Supreme Court Strikes Down Biden Admin’s $430B Student Loan Forgiveness Scheme
A view of the front portico of the United States Supreme Court building in Washington, DC.
Image via Getty Images.

In a stinging defeat for the Biden administration, the U.S. Supreme Court ruled Friday that the COVID-era HEROES Act did not give the White House authority to unilaterally forgive federally subsidized student loans.

Chief Justice John Roberts wrote for the 6-3 majority, saying, “The Secretary asserts that the HEROES Act grants him the authority to cancel $430 billion of student loan principal. It does not. We hold today that the Act allows the Secretary to ‘waive or modify’ existing statutory or regulatory provisions applicable to financial assistance programs under the Education Act, not to rewrite that statute from the ground up.”

The decision was made along ideological lines, as Chief Justice Roberts was joined in the majority by Justices Samuel Alito, Neil Gorsuch, Amy Coney Barret, Brett Kavanaugh, and Clarence Thomas.

The first case was decided unanimously, with all justices ruling in Department of Education v. Brown that the two petitioners who were denied debt relief under the program did not have standing to sue the Department of Education. The second case, Biden v. Nebraska, upheld the right of the several GOP states involved in the lawsuit to sue the Biden administration, clearing the hurdle necessary to present their argument before the court. Roberts bluntly contended in the majority opinion, “Six States sued, arguing that the HEROES Act does not authorize the loan cancellation plan. We agree.”

Student loan forgiveness has been on many Democrats’ wishlists for years, as 43 million Americans struggle to pay an average of $28,950 in student loans that can take decades to pay off, according to Forbes. Sen. Bernie Sanders (I-VT) rose to popularity in both the 2016 and 2020 Democratic presidential primaries offering to wipe out all $1.6 trillion in student loan debt without any eligibility requirements, as well as making public colleges and universities free on a national level.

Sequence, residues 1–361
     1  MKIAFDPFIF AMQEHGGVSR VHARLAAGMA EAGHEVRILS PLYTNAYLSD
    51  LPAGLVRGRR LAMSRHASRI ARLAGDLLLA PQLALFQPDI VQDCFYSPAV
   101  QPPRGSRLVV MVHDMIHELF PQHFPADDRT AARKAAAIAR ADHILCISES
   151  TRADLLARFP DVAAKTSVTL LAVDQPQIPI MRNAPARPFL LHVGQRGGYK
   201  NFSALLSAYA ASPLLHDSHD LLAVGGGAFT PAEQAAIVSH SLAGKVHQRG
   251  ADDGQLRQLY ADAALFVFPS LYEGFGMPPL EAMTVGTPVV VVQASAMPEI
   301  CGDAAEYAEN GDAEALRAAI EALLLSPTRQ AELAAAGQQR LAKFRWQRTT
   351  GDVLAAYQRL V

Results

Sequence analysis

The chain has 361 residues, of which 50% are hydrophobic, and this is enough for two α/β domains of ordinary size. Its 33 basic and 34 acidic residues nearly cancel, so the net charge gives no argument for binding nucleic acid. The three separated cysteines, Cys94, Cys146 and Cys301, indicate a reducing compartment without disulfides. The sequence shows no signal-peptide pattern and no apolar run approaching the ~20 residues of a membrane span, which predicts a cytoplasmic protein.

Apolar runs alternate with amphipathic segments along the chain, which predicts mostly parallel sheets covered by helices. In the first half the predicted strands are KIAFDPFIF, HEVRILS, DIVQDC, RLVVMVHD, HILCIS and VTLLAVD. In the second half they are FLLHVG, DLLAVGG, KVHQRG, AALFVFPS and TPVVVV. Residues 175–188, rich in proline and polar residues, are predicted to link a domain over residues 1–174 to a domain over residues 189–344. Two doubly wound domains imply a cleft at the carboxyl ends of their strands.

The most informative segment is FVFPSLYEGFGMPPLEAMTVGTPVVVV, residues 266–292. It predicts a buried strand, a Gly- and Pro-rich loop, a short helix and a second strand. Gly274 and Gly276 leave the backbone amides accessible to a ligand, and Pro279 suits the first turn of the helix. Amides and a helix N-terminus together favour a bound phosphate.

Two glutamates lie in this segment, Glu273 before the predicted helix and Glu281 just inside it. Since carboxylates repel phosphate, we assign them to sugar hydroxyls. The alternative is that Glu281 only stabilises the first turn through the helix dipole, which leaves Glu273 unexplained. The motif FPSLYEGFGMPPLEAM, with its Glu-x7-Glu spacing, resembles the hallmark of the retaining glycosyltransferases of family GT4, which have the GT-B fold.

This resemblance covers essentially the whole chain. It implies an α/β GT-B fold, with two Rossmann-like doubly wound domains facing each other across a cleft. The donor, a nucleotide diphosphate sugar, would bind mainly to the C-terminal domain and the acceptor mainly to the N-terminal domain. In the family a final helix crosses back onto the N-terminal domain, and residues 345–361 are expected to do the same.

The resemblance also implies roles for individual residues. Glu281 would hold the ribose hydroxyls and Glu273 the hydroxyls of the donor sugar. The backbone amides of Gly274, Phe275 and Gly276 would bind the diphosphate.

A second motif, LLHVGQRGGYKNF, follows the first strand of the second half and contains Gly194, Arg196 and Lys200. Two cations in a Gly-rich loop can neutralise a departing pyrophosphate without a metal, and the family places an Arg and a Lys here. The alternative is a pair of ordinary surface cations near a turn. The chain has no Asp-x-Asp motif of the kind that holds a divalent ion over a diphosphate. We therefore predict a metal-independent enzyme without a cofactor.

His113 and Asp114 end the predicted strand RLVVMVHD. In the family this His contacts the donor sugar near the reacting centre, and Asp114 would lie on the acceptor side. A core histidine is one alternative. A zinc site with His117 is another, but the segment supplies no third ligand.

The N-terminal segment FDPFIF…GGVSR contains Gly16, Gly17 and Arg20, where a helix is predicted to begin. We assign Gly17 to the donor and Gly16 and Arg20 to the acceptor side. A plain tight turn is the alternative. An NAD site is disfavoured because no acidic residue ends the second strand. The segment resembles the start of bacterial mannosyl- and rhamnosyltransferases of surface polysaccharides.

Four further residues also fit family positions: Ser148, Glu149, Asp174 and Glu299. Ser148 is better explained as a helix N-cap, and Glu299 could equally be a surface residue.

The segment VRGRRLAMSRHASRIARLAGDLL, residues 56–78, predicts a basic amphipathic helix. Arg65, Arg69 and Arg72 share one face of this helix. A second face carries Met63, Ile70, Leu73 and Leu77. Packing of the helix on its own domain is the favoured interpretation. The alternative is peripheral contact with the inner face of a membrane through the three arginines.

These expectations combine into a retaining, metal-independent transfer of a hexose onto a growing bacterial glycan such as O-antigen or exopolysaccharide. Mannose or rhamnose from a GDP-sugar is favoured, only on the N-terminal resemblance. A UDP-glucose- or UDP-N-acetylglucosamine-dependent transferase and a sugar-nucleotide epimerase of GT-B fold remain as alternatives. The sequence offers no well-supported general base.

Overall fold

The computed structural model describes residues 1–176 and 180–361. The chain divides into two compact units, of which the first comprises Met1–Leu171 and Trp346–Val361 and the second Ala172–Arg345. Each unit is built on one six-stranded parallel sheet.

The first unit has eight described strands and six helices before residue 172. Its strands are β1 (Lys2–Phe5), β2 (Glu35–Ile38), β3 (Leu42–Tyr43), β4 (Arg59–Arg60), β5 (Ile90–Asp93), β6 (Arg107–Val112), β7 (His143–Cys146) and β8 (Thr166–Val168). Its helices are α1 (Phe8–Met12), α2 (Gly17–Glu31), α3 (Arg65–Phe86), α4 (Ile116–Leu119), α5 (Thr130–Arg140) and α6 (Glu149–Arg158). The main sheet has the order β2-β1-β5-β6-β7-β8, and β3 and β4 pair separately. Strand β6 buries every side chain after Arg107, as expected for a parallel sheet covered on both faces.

In a dissent joined by joined by Justices Ketanji Brown Jackson and Sonia Sotomayor, Justice Elena Kagan wrote,”[T]his Court today decides that some 40 million Americans will not receive the benefits the plan provides, because (so says the Court) that assistance is too ‘significant.'” Kagan claims that not only does the Biden administration have the right to cancel student debt en-masse, but that the six GOP states did not even have standing to challenge the plan in the first place, “They [the six states] oppose the Secretary’s loan cancellation plan on varied policy and legal grounds. But as everyone agrees, those objections are just general grievances; they do not show the particularized injury needed to bring suit.”

The Biden administration’s plan sought to eliminate $400 billion of student loans for roughly 40 million qualifying Americans making less than $125,000 or couples making less than $250,000. The Department of Education’s online form granted approved applicants up to $10,000 in loan forgiveness, and up to $20,000 for Pell Grant recipients, according to The Hill. Approximately 26 million Americans filled out the form and 16 million were accepted prior to the plan’s termination by the Supreme Court and before the debt would be forgiven.

The administration argued in court that the plan was authorized by the HEROES COVID-relief Act passed in 2021 as well as a statute in the Higher Education Relief Opportunities for Students Act of 2003, which supposedly allows the Department of Education to waive and/or modify student loans in response to a national emergency, which in this case was the COVID pandemic.

In response to this claim, Roberts remarked that the Biden administration had modified the aforementioned statute “in the same sense that the French Revolution ‘modified’ the status of the French nobility — it has abolished them and supplanted them with a new regime entirely.” Roberts ruled that the statute had been stretched far too much and that a mass-cancellation program of this scale required specific congressional approval to move forward, per The Washington Post.


This is a breaking news story and will be updated.

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